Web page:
Water Ban

Yesterday, or the day before, DeKalb county put a complete ban on all outdoor watering. I found this interesting, because I have just finished reading Jared Diamond’s latest book, Collapse: How Societies Choose to Fail or Succeed.
Don’t recognize that name? He’s the author of Guns, Germs and Steel. One of the threads running through Collapse is enivromentalism, and how human psychology interacts with environmental issues. Humans generally are not very good at understanding or reacting to long term or low risk threats, which is where environmental concerns usually occur. Humans also (quite naturally) are extremely selfish, and won’t sacrifice much for other groups of humans.

Throughout the world, freshwater supplies are dwindling. In my area of the world, three states spend much of their time bickering and suing each other for access to the same limited supply of water. I am one of the consumers of that water (the Chatahoochee basin). The water’s dissapearing fast, so conservation measures are being enacted. This year is particularly bad, because a faulty chip somewhere let a billion odd gallons go out without anyone noticing, and the government wouldn’t believe the residents who told them the water level looked low.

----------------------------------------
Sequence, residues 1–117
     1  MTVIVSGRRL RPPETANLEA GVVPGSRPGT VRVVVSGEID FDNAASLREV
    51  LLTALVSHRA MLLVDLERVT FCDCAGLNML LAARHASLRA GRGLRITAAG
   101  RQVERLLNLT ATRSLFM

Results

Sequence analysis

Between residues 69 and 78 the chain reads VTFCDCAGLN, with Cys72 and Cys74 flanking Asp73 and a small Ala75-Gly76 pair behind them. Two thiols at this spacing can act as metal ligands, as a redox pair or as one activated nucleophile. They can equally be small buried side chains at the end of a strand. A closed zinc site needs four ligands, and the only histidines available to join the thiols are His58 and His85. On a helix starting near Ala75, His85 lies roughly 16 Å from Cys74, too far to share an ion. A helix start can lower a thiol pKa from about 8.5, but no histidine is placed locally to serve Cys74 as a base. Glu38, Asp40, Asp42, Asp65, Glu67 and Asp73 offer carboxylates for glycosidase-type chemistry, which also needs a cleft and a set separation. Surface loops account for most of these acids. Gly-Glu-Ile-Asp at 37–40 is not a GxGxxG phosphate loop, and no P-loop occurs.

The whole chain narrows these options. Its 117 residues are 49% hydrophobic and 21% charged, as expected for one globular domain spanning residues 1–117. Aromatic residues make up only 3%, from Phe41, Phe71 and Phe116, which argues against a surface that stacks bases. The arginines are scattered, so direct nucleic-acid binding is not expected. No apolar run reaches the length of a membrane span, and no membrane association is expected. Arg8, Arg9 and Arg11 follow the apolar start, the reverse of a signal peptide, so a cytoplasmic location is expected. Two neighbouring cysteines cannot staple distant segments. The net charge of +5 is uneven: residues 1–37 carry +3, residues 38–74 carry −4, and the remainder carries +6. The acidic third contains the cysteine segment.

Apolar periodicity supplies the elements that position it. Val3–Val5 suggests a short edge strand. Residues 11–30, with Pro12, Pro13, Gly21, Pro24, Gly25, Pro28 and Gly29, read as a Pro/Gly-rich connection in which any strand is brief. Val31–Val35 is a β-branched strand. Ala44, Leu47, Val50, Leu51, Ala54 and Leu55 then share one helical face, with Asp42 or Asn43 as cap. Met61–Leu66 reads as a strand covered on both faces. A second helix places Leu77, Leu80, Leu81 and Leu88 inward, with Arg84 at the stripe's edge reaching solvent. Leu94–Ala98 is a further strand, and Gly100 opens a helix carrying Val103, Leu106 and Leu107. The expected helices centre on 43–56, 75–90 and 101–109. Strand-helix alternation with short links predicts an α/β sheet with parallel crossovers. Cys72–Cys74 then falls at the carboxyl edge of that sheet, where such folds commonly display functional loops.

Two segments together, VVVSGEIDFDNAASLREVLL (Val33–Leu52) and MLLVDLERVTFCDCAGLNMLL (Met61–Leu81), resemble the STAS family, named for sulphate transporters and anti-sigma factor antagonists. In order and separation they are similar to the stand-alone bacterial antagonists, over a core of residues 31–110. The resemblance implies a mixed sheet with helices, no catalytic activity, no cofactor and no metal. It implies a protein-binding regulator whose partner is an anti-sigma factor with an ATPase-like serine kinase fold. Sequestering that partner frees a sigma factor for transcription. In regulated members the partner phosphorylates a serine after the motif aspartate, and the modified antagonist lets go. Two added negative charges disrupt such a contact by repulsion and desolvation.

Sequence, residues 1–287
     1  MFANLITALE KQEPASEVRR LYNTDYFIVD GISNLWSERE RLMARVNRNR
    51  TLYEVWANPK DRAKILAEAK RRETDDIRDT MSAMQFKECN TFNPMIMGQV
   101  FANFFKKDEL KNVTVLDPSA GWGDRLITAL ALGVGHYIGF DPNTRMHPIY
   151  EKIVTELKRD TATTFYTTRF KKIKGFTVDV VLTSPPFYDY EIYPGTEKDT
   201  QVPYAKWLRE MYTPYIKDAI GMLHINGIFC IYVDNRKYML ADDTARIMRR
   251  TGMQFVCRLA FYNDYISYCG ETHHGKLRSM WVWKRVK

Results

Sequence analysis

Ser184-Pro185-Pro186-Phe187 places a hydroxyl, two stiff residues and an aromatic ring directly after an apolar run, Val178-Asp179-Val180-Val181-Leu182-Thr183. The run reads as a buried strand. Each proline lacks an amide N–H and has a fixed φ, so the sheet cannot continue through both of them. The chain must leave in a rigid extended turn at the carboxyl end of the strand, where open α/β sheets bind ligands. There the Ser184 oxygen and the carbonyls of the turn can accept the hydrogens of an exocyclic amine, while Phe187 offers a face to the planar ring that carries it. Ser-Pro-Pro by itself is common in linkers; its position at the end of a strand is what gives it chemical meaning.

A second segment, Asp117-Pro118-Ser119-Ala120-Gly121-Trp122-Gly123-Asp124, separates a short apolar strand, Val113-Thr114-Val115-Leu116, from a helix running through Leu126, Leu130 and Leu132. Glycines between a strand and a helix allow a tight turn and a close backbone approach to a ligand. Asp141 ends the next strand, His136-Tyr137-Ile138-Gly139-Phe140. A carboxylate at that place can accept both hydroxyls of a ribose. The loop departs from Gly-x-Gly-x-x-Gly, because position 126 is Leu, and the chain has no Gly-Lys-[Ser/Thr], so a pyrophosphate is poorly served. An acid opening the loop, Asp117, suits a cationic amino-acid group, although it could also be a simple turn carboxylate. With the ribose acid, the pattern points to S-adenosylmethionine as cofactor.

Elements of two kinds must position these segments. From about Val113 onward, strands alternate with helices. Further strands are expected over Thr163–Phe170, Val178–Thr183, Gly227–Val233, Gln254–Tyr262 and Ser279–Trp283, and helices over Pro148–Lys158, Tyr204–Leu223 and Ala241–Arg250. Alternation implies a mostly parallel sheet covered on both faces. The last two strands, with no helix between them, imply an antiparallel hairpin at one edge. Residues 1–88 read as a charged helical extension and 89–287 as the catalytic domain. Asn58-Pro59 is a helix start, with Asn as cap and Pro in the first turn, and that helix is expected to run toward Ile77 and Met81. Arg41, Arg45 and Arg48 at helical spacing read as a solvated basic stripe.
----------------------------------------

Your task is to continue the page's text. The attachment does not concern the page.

A total ban is unusual around here. Most counties go to alternate water days (odd-numbered houses one day, even-‘s the next), or certain hours of the day, or other halfway measures. I wonder how effective partial measures are. If I water my lawn 3 days a week, what do I care which days it is? I have a timer on my sprinkler, so the hours of the day doesn’t bother me. Does it significantly decrease consumption?

What incentives are there to rat on neighbors? I find this fascinating. The day after the ban started, our next door neighbor was watering her plants same as always. I dramatically cut back the sprinkler schedule (to about 8% of what it was), but didn’t completely turn it off. Never for a moment did I think that either of us would tattle. But if usage had been more overt I might have. Two motives conflict: (1) You shouldn’t ever start a fight with your neighbor unless unavoidable, and (2) Hey, that’s just unfair! I’d love to see a study on how those motives play out in the real world.

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